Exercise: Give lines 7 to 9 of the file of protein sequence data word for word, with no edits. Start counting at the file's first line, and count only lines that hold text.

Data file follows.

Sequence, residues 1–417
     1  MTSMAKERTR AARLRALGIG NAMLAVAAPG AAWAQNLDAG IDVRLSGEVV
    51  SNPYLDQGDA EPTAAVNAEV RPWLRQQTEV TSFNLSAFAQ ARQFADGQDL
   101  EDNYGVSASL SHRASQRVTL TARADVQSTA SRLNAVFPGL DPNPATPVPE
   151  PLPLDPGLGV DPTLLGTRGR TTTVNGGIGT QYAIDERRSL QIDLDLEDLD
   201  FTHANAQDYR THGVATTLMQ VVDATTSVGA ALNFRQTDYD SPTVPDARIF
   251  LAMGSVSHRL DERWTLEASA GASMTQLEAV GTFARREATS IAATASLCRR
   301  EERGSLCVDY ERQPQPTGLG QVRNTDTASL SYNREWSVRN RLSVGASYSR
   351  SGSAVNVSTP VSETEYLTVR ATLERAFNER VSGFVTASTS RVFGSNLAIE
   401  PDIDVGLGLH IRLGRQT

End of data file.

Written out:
   251  LAMGSVSHRL DERWTLEASA GASMTQLEAV GTFARREATS IAATASLCRR
   301  EERGSLCVDY ERQPQPTGLG QVRNTDTASL SYNREWSVRN RLSVGASYSR
   351  SGSAVNVSTP VSETEYLTVR ATLERAFNER VSGFVTASTS RVFGSNLAIE